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House coal ash bill falls well short of what’s necessary

Coal AshThe North Carolina House passed a weakened version of the already inadequate Senate coal ash plan today and environmental experts quickly labeled the legislation as wholly inadequate.

Here’s the rather measured statement from the folks at the NC Sierra Club:

“After weeks of expectation and speculation, the House missed the opportunity to build on the Senate’s good start and to address key shortcomings in the legislation. Under Speaker Tillis’ leadership, the House failed to make the final set of changes needed to give North Carolinians the protection they deserve from Duke Energy’s toxic coal ash.

There are no clear requirements in this legislation to ensure it does what it’s intended to do: remove the threat of coal ash to all our waters, and all our communities.

Not only does the bill fail to add protections missing from the Senate version of the bill, but it appears to undermine a recent court ruling stemming from a citizen suit that would require Duke Energy to immediately eliminate the source of its groundwater contamination.

North Carolinians’ right to clean water has been under threat by coal ash for decades. As lawmakers try to settle their differences on this bill in conference committee, communities are counting on them to protect their families and water.”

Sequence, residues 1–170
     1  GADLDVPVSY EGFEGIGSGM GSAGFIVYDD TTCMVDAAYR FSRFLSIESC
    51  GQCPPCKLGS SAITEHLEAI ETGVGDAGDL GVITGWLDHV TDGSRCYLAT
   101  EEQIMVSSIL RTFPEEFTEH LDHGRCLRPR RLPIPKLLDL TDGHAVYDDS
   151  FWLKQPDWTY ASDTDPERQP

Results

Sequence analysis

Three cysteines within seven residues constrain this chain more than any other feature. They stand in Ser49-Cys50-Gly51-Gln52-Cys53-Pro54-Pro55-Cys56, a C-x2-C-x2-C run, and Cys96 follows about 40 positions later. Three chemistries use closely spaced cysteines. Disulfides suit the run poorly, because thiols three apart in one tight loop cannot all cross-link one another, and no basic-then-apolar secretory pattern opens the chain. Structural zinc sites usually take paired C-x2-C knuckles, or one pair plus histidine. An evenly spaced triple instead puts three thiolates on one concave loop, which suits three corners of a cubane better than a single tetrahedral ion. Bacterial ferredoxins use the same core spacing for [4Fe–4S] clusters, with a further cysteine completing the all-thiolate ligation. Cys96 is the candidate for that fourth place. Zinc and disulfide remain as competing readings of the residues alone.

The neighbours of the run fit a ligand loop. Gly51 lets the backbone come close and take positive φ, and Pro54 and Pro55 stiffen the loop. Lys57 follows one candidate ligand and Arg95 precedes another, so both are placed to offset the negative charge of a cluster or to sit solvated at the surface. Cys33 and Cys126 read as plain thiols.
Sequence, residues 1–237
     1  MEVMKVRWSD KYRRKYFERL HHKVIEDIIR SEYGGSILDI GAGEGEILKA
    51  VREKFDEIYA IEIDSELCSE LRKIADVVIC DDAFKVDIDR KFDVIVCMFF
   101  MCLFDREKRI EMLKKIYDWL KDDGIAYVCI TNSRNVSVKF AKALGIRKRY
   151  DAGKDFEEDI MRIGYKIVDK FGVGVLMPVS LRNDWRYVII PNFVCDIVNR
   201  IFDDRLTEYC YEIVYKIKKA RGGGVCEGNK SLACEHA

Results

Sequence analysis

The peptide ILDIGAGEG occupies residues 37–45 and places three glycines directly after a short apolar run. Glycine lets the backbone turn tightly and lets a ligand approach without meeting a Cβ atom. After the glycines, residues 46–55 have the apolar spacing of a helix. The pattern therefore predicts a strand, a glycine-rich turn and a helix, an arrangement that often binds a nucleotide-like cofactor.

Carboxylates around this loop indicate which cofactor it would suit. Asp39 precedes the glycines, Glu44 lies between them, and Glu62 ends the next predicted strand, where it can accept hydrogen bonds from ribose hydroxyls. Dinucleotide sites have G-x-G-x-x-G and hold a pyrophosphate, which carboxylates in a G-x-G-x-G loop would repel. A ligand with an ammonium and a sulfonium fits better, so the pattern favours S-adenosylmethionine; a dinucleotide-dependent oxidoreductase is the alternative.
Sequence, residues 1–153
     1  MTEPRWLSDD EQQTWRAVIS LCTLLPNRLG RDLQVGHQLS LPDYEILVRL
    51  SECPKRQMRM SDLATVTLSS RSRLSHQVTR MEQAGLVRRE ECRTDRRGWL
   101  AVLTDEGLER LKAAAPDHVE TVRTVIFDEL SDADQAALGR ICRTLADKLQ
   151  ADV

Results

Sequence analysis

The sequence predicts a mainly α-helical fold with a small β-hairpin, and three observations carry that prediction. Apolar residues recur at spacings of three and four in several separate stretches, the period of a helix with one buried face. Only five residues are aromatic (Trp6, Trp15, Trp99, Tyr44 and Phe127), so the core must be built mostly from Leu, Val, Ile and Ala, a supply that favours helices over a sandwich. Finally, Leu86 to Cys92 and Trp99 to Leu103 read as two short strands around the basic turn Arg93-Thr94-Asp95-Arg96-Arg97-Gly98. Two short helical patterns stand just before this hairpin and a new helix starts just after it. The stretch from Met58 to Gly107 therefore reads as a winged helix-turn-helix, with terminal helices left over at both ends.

Meanwhile, activists at NC WARN — which has battled Duke Energy for years over myriad issues — were even more pointed:

“The NC House has just passed a ‘Thom Tillis-Duke Energy Burn the Public’ coal ash bill.

The bill leaves North Carolinians at the mercy of two regulators — DENR and the Utilities Commission — that have sorry track records of backroom dealing with Duke Energy on issues involving safety and electric rate fairness.

There will be very little clean-up, but the public will likely pay billions as Duke turns coal ash failure into a profit center.”

One Comment


  1. david esmay

    July 5, 2014 at 6:10 am

    When the governor, the chair of the utilities commission and it’s members are all former Duke employees, the people and the state lose.

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